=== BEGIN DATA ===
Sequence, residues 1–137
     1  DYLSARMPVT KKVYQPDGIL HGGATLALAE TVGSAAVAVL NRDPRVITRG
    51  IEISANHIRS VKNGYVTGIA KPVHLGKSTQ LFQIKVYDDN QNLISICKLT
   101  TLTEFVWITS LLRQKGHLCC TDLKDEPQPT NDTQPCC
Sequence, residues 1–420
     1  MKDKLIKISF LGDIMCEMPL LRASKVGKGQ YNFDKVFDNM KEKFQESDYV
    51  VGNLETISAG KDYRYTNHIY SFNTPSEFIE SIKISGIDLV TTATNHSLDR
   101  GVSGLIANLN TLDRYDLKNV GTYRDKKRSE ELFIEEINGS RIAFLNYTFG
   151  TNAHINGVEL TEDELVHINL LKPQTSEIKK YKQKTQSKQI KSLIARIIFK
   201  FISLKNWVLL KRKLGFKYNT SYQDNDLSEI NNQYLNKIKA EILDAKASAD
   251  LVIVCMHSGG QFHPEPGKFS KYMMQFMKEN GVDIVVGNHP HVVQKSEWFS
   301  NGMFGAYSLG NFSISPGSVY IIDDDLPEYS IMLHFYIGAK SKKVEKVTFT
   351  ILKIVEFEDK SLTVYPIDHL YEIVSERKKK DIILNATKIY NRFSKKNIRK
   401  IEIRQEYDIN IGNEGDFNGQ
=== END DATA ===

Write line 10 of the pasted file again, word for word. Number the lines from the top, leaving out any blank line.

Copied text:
   201  FISLKNWVLL KRKLGFKYNT SYQDNDLSEI NNQYLNKIKA EILDAKASAD